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BACKGROUND: Sleep fragmentation is a persistent problem throughout the course of Parkinson's disease (PD). However, the related neurophysiological patterns and the underlying mechanisms remained unclear. METHOD: We recorded subthalamic nucleus (STN) local field potentials (LFPs) using deep brain stimulation (DBS) with real-time wireless recording capacity from 13 patients with PD undergoing a one-night polysomnography recording, 1 month after DBS surgery before initial programming and when the patients were off-medication. The STN LFP features that characterised different sleep stages, correlated with arousal and sleep fragmentation index, and preceded stage transitions during N2 and REM sleep were analysed. RESULTS: Both beta and low gamma oscillations in non-rapid eye movement (NREM) sleep increased with the severity of sleep disturbance (arousal index (ArI)-betaNREM: r=0.9, p=0.0001, sleep fragmentation index (SFI)-betaNREM: r=0.6, p=0.0301; SFI-gammaNREM: r=0.6, p=0.0324). We next examined the low-to-high power ratio (LHPR), which was the power ratio of theta oscillations to beta and low gamma oscillations, and found it to be an indicator of sleep fragmentation (ArI-LHPRNREM: r=-0.8, p=0.0053; ArI-LHPRREM: r=-0.6, p=0.0373; SFI-LHPRNREM: r=-0.7, p=0.0204; SFI-LHPRREM: r=-0.6, p=0.0428). In addition, long beta bursts (>0.25 s) during NREM stage 2 were found preceding the completion of transition to stages with more cortical activities (towards Wake/N1/REM compared with towards N3 (p<0.01)) and negatively correlated with STN spindles, which were detected in STN LFPs with peak frequency distinguishable from long beta bursts (STN spindle: 11.5 Hz, STN long beta bursts: 23.8 Hz), in occupation during NREM sleep (β=-0.24, p<0.001). CONCLUSION: Features of STN LFPs help explain neurophysiological mechanisms underlying sleep fragmentations in PD, which can inform new intervention for sleep dysfunction. TRIAL REGISTRATION NUMBER: NCT02937727.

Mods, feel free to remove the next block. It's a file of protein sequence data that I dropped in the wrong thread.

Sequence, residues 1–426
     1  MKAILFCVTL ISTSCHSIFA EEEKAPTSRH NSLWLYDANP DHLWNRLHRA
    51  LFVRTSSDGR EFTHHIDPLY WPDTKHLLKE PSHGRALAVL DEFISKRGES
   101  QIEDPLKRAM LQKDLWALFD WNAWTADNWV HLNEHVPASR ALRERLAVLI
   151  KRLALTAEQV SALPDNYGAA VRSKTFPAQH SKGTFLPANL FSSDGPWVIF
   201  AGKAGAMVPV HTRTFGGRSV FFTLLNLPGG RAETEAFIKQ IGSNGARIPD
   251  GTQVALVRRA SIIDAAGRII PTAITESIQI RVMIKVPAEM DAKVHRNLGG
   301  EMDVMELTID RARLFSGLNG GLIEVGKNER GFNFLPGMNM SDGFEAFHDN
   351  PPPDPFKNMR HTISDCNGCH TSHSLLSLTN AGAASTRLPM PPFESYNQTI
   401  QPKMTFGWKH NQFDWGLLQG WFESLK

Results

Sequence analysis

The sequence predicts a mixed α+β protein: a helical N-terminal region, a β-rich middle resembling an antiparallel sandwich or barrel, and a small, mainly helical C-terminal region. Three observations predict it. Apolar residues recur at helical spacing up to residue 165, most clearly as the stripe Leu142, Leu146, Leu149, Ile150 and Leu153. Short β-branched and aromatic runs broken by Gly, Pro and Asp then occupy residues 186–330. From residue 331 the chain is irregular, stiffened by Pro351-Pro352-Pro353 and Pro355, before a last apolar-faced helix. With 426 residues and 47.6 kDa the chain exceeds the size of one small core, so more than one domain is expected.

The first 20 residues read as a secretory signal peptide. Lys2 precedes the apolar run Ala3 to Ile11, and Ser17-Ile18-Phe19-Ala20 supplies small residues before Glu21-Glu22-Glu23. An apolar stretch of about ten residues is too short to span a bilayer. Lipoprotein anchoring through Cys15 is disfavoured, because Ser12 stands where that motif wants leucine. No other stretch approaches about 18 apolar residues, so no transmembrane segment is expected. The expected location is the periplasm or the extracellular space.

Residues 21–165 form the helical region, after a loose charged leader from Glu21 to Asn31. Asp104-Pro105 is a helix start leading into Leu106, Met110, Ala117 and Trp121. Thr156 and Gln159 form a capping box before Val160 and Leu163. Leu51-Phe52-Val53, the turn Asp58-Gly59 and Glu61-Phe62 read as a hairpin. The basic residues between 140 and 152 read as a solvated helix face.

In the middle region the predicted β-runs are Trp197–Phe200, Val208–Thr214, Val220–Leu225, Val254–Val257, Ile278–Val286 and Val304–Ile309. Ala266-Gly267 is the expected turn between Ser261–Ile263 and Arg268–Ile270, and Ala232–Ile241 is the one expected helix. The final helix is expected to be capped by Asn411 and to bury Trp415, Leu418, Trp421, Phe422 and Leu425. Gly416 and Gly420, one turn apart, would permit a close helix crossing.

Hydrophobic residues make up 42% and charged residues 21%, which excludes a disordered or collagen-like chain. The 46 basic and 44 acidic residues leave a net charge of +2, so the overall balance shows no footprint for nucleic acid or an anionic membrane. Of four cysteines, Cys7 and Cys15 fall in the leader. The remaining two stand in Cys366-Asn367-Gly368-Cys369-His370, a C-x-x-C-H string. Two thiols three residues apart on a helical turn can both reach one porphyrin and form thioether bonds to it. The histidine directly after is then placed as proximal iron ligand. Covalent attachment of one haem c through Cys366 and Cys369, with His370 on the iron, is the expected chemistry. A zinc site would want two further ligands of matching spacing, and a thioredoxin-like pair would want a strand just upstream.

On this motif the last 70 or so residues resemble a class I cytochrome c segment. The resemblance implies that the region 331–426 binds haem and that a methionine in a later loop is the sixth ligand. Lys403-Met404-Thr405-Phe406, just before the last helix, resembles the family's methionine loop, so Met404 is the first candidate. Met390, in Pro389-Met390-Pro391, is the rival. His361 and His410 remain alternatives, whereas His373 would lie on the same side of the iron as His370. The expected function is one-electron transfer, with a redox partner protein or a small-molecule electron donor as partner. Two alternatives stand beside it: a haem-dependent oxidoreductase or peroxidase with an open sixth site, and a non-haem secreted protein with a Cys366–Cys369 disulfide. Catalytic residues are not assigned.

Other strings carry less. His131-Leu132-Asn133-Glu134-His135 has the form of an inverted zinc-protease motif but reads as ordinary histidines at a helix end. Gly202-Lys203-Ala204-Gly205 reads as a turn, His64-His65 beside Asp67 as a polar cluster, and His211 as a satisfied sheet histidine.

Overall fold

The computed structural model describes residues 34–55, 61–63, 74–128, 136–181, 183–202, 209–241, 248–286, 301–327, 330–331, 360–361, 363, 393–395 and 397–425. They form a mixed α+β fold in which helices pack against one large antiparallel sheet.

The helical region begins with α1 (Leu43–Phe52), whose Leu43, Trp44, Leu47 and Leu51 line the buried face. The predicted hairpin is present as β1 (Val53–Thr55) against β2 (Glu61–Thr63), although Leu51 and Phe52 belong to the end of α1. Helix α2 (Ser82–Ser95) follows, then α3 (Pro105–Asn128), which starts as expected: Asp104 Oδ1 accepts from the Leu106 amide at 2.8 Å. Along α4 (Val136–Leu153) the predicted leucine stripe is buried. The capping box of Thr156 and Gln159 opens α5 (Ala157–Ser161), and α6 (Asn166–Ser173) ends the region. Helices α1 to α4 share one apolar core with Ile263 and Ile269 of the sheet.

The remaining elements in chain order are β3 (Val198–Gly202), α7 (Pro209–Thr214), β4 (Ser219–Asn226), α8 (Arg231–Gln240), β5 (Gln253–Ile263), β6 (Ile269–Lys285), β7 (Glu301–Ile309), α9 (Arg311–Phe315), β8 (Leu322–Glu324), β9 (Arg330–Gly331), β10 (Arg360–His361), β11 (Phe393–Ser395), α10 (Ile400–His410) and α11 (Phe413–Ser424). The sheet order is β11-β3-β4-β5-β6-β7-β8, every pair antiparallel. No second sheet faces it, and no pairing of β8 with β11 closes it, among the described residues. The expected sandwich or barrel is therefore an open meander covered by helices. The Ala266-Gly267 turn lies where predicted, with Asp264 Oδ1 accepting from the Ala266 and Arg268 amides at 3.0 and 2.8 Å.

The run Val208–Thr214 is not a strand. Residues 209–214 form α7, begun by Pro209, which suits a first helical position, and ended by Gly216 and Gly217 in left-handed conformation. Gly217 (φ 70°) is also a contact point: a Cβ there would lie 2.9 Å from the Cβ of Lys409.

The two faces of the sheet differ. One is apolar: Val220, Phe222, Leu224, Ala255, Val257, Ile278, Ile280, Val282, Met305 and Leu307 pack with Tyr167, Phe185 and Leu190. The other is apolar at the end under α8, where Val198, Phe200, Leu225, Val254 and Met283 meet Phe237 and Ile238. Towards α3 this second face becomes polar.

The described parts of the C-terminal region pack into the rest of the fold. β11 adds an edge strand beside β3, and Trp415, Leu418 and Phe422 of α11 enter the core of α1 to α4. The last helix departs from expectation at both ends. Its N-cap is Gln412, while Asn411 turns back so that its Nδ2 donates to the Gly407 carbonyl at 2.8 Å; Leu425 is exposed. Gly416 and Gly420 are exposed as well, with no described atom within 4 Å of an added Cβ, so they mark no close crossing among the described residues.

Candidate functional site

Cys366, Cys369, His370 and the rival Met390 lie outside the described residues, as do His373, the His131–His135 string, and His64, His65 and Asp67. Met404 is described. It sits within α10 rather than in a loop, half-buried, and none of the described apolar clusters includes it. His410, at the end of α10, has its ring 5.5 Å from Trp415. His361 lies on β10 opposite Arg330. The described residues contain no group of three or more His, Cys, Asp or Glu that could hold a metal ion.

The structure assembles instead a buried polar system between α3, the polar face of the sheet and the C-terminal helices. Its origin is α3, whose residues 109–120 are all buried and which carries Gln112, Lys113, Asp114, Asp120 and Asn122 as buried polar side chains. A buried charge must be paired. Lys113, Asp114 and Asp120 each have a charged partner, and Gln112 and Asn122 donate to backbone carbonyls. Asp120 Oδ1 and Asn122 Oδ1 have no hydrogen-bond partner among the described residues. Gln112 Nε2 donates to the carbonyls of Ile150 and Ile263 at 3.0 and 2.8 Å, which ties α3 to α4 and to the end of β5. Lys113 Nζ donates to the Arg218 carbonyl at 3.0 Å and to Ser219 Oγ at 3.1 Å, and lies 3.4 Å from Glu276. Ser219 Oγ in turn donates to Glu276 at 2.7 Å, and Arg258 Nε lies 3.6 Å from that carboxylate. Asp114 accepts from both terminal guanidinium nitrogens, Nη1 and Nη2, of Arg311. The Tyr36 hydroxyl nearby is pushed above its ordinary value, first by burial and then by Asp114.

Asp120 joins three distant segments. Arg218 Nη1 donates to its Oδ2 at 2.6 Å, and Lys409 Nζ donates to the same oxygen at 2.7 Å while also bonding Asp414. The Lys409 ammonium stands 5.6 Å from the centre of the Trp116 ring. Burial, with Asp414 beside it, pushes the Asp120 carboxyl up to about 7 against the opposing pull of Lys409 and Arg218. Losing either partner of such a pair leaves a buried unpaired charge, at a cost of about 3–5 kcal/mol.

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Journal article


J Neurol Neurosurg Psychiatry

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